A Tale of Two Countries and Two Currencies – Finnish and Romanian Syndicated Deals

The wall of sovereign debt keeps on mounting as countries line up one after another in front of the “masters of the universe“. The abundant liquidity created by the central banks is spilling over into places such as Hungary, Serbia and most recently Romania. How did Romanian debt auction go and what do we make of it? Find out in this brief research piece.

Republic of Finland became the first euro area sovereign to issue a 10Y USD paper in the last six years (the second to last issuance was placed by Kingdom of Belgium back in 2014). Also, this is the first greenback bond placed by the euro area sovereign since the pandemic began.

Why did the Finns prefer USD funding instead of more common local currency? The answer to this question could be found on EURUSD forward curve – a plain vanilla 10Y EURUSD B/S swap gives 1265 pips on the forward leg, implying a 1.2227 forward rate. Once we break down this forward premium into annual parts and use 1.0962 as a spot exchange rate, we can easily calculate that the Finns receive about 1.15% annually from the FX swap alone. Subtract this 1.15% from the USD yield achieved by the Finnish Ministry of Finance on last Wednesday’s auction (0.899%) and you get a synthetic RFGB (euro yield) as low as -0.25%. Still below the 10Y RFGB, regardless of which maturity you take as a benchmark (RFGB 2029 trades at -0.15%, while RFGB 2031 trades at -0.09%). The skill of the Finnish Ministry of Finance could be seen in correctly picking the auction day, which is not an easy task once you take into account that a lot of stars needed to align for the placement to be regarded as a success. It is worth recollecting that just one day earlier the European Investment Bank placed a 10Y USD paper at MS+31bps, while Finnish auction closed 1bps inside EIBs placement. And … oh yeah, the European Investment Bank also decided to fetch some cheap dollar funding for all of the projects it plans to finance in the near future.

Although recent Finnish bond placement might appear as a bit uncommon, it is clearly a point in the right direction that the availability of affordable dollar funding lure some of the sovereigns into tapping a large pool of US investors instead of seeking funding at home.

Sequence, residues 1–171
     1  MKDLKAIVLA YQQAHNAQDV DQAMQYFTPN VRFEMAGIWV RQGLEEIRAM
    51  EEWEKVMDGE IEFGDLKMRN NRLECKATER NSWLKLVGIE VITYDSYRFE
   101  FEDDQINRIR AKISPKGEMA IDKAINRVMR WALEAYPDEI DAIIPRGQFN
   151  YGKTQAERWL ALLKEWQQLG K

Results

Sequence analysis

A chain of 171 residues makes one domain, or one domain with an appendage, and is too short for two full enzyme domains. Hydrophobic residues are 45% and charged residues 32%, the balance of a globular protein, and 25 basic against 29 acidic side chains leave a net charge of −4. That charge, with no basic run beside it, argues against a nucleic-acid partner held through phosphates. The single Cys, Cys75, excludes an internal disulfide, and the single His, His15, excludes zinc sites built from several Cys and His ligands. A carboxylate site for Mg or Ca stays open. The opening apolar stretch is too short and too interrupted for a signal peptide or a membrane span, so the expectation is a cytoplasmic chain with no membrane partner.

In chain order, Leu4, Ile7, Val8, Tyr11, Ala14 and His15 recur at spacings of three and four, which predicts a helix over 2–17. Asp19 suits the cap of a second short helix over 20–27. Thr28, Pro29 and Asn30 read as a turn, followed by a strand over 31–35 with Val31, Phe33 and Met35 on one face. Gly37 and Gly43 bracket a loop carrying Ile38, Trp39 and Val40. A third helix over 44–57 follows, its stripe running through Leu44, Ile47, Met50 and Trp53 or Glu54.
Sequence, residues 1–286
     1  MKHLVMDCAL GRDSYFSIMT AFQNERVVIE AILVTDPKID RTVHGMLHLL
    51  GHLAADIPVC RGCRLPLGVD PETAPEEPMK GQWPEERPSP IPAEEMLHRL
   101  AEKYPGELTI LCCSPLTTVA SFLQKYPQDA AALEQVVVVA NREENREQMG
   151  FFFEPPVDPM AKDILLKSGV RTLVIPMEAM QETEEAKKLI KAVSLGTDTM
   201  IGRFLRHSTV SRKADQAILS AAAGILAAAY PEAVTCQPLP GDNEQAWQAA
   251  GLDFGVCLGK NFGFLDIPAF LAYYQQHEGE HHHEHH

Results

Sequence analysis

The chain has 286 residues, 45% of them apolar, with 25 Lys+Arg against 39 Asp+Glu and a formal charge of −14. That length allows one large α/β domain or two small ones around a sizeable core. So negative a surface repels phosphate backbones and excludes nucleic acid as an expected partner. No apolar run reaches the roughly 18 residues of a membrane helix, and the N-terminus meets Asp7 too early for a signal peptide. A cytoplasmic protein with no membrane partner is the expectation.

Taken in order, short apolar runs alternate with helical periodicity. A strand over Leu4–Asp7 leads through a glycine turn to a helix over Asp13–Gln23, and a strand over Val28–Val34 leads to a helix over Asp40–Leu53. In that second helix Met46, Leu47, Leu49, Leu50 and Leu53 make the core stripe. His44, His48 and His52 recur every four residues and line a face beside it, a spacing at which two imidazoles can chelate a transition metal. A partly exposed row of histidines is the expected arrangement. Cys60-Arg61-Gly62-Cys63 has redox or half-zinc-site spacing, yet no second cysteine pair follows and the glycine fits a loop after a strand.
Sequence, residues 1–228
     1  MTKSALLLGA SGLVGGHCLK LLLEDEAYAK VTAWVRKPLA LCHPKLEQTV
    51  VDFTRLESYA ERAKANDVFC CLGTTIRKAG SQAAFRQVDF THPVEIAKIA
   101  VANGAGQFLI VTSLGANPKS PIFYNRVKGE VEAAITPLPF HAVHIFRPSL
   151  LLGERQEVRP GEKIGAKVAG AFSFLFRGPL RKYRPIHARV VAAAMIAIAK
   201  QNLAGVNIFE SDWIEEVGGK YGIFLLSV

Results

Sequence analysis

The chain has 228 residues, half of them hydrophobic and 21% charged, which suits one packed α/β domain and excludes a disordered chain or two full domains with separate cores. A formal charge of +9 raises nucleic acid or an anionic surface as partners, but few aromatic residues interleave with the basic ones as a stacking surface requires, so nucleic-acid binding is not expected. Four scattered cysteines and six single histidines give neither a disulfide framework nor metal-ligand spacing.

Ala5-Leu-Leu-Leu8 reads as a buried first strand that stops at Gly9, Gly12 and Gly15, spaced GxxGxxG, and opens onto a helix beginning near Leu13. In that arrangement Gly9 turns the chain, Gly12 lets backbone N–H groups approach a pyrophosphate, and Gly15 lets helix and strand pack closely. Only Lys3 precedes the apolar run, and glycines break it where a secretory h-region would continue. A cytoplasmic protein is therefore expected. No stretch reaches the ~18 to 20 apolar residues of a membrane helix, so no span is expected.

Romanian debt issuance placed on Tuesday (May 19th) is something the investors were completely accustomed to: a dual EUR tranche composed of a long 5Y (1.3bn EUR) and a 10Y paper (2.0bn EUR) attracted as much as 13bn EUR worth of orders (5bn on the shorter one, 8bn on the longer one). Morning IPTs (5Y: MS+355bps, 10Y: MS+425bps) indicated a lot of juice on the long ones, explaining all of the commotion around this maturity. Clearly, the intention of the leads was to build the orderbook and then to conduct the spread tightening and see where the size of the book goes. By the close of the orderbook the spread versus mid-swap curve was tightened all the way down to MS+305bps/MS+375bps, but the 10Y was still kind off sticking it’s head above the place where it should be on the yield curve. So it was up to the secondary market to iron out the relative cheapness of the ROMANI 3.624 05/26/2030: from the reoffer price of 100.00 and subsequent 3.624% YTM, the bid price went as high as 102.00 (3.38% YTM) by 11:30 CET. Nevertheless, two and a half hours later Romanian finance Minister mentioned the possibility of another FX bond issuance in the near future, taking some of the oomph from the market. The market went down to 101.30-101.70 bid-ask late afternoon, roughly the level where it’s being shown this morning as well.

The 3.3bn EUR issued by Romania on Tuesday is clearly not sufficient to close the 2020 budget hole completely, but it’s certainly a step in the right direction. The Ministry of Finance sees a 6.7% GDP deficit this year (72.5bn RON or roughly 15bn EUR). This figure is based on quite an optimistic GDP forecast: -1.9% YoY real GDP drop, versus -5.0% YoY expected by the IMF in April. On the other hand, when you go to tap the skittish international investors, you don’t show up with your worst case scenario on the term sheets. Instead you display a picture painted with colours of optimism and hope, trying to speed up the process before the investors start asking awkward questions about the assumptions backing these forecasts. Romanian Ministry of Finance expects debt-to-GDP ratio at the end of 2020 to reach 40.9% GDP (from 35.2% GDP a year earlier), but this can easily go up should the GDP drop be deeper than anticipated. Once again, the questions underpinning Romanian debt buildup are not concerned with the current debt stock (which is certainly under EU27 average), but are instead aimed at the trend of borrowing to fund the social needs, inflating the CA deficit in the process.

Ivan Dražetić, CFA
Category : Blog

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